Great tips, particularly No 6. (All in Black and White)

    Best Wishes.

  • Cheeky Girl profile image

    Cassandra Mantis 8 years ago from UK and Nerujenia

    @ Chef Mac: Hey, chef! What's cooking! You must get that a lot. I'm just kidding. Wow. Sounds like you have had some experience in the game of seeking work. A good boss will pay well, while those other bosses - wow, they really hold tight onto the company checkbook. We should start a movement. Down with bad bosses! A good well paying firm will be like a Magnet to prospective workers out there. I envy anyone who can really cook great. And from what I read of your Hubs this far, you fit that description well! I guess a good chef is never out of work, which proves that having a great skill and talent (and recipe book) will stand in your favour! Cheers, Chef Mac. Keep it real!

  • Chef Mac profile image

    Chef Mac 8 years ago from New York State

    I don't particularly even like talking numbers at first. A good boss who values you will always be open to discussion and pay fairly, a bad boss will always say one thing and screw you over anyway. My solution: to hell with bad bosses.

  • Cheeky Girl profile image

    Cassandra Mantis 8 years ago from UK and Nerujenia

    Hy febriedethan: Aaaaw, dang! No longer an employee? Well, whatever way the wind blows for you - I wish you well. I couldn't survive without my job and my paycheck! And my Teddy! LOL!

  • febriedethan profile image

    febriedethan 8 years ago from Indonesia

    Thank you for sharing, this is really great, unfortunately I'm no longer an employee haha have a great day!

  • Cheeky Girl profile image

    Cassandra Mantis 8 years ago from UK and Nerujenia

    @ Sage: Well, intuition is pretty good for lots of things. I like to have memorised all the vital ones, so I made it easy for anyone here who needs the most important points. Sometimes its hard to think on your feet in the thick of the moment. Glad to get your comments here, my friend. Cheers!

  • Sage Williams profile image

    Sage Williams 8 years ago

    Awesome advice! Very informative, and well done. Negotiating salary has always been one of my weaker points. Knowing what cards to play and when has always been a good strategy, in my case I rely on intuition for a great deal of things.

    Thanks so much,


  • Cheeky Girl profile image

    Cassandra Mantis 8 years ago from UK and Nerujenia

    @ Ten Blogger: Thanks for this, my friend. A plan B is a good plan. I have to confess that I usually plan to win or succeed at something, so me personally I find that a plan B would invite me to accept a lower quality package, or reduced form of deal. I understand about having a fallback position, or having a limit to what is not acceptable, but I would strive for the most I could reasonably get. I guess I'm a "glass half full" type person.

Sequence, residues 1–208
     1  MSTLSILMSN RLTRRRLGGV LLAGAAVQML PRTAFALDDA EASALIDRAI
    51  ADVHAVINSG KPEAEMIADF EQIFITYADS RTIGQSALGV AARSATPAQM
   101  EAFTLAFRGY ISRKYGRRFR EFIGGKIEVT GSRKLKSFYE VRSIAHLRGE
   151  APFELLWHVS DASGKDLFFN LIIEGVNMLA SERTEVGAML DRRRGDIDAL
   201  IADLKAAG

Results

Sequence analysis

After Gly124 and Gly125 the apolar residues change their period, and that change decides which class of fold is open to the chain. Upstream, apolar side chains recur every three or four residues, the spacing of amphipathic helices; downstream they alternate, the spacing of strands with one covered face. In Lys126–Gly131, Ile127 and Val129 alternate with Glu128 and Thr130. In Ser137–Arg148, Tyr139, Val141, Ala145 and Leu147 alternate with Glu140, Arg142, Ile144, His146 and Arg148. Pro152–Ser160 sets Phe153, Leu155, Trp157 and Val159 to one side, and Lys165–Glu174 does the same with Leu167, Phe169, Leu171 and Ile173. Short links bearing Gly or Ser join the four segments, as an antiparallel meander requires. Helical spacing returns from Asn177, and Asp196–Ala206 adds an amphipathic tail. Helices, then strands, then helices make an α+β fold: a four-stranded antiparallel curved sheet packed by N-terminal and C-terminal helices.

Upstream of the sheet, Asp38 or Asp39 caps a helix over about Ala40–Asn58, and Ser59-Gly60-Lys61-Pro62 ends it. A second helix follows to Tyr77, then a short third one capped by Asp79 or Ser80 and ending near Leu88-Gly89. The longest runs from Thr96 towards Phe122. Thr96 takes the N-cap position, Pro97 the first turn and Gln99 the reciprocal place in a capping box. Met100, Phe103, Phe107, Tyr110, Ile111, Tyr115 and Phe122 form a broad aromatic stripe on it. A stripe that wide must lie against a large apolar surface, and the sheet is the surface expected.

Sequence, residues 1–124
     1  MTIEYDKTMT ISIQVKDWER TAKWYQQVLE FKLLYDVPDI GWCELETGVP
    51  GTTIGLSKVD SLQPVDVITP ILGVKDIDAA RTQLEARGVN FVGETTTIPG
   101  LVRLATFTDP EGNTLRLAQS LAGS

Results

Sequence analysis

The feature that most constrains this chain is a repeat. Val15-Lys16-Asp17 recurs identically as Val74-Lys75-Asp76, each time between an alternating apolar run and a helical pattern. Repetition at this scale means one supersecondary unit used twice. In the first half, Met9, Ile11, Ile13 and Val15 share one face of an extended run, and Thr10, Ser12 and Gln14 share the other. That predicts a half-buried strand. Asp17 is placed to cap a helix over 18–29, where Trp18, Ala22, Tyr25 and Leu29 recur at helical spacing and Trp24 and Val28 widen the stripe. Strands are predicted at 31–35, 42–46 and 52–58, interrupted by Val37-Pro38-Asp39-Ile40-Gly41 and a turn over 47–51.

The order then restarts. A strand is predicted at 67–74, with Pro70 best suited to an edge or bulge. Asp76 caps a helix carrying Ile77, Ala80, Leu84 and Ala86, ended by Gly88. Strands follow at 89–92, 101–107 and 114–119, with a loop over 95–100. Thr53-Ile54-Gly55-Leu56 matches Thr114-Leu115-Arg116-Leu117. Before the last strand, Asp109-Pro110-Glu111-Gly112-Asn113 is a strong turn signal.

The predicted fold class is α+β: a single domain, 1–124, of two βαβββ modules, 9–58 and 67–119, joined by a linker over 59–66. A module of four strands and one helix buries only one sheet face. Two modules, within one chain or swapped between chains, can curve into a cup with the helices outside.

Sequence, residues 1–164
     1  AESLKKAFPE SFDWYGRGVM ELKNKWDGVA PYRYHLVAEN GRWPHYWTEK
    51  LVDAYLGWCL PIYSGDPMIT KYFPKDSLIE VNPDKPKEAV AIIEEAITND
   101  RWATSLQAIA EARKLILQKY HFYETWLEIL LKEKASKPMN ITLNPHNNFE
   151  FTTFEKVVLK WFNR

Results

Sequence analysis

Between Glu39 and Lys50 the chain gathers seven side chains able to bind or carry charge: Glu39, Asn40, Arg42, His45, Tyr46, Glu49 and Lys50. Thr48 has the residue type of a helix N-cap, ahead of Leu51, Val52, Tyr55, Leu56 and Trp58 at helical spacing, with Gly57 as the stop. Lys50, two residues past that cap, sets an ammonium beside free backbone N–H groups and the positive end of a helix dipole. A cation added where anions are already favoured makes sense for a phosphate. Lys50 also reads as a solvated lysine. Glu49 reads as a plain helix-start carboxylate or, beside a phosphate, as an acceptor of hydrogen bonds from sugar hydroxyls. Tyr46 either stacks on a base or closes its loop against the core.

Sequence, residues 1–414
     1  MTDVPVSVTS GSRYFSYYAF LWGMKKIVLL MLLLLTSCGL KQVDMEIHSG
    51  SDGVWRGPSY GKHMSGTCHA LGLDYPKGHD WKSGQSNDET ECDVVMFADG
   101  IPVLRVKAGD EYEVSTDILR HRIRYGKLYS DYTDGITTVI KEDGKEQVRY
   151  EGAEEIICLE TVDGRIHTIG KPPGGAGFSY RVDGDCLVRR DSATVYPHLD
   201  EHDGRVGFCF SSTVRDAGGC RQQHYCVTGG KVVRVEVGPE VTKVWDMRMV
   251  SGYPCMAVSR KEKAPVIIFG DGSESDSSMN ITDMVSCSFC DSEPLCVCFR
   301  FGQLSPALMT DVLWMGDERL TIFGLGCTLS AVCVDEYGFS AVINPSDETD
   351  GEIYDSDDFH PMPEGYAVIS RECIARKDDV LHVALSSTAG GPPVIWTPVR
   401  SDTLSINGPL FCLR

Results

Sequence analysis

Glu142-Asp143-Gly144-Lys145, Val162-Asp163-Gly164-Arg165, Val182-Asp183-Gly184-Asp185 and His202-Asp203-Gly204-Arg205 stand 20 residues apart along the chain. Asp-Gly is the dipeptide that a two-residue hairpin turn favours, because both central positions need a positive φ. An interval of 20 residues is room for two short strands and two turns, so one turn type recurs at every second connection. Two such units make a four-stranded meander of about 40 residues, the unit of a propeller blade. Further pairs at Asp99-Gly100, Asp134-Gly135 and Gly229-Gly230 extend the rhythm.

• Ten Blogger profile image

    Ten Blogger 8 years ago

    Good one Cheeky. I agree with most points. Additionally, if one should also keep a backup plan in case negotiation fails... like giving another offer next day or some other plan B.

  • Cheeky Girl profile image

    Cassandra Mantis 8 years ago from UK and Nerujenia

    Hy TattoGuy! *shufties closer to you* That's quite ok. I judge men by their hearts, you should know that. As for Cath's avatar, yes, I know what you mean. But I keep expecting a bunch of aliens with bows and arrows to appear behind her all yelling like crazy and attacking the humans, just like the darn film! Hah! I do find it a turn on also, but then I know her. ; D

    Yes, I have noticed Myspace is kind of void, although I won't give up on it yet. Got a few tricks up my sleeve of my uh... up there somewhere. *grins like anything* Yes, I will take that advice on Facebutt, sorry Facebook! Wow, don't know what made me say that...

    You take care, moi friend. I hope you are well and doing ok. Your tattoos are famous! *Hugs you*

  • profile image

    TattoGuy 8 years ago

    I am always cocky tis my nature but that's moi. Nice follow up to yer previous hub, jeeez I don't know why but I find Cathys avatar a turn on, I deff worry about me.

    Re yer profile, myspace is dead Cassy, get yer sweet lil butt on Facebook, it deff boosts yer hubs as well x

  • Cheeky Girl profile image

    Cassandra Mantis 8 years ago from UK and Nerujenia

    Hy Cathy, yes - they are - building slowly but surely. You are my many ways. ; ))

  • Astra Nomik profile image

    Cathy Nerujen 8 years ago from Edge of Reality and Known Space

    Hy Cass, really reading my mind lately. You have a lot of hubs now. : D

  • Cheeky Girl profile image

    Cassandra Mantis 8 years ago from UK and Nerujenia

    @ Lady_E: Cheers, my friend. I am happy to oblige. : )

  • Lady_E profile image

    Elena 8 years ago from London, UK

    Thanks for the useful tips. I particularly like No 6 - all set out in black and white. Regards.

  • Cheeky Girl profile image

    Cassandra Mantis 8 years ago from UK and Nerujenia

    @ Ladybird: Wow, I know some people who are due salary and performance reviews. It's a nervous, tense time for anyone in that situation. I wish you well and hope you have lots of luck with it. I am flattered that my hub has been helpful! Thanks for this comment!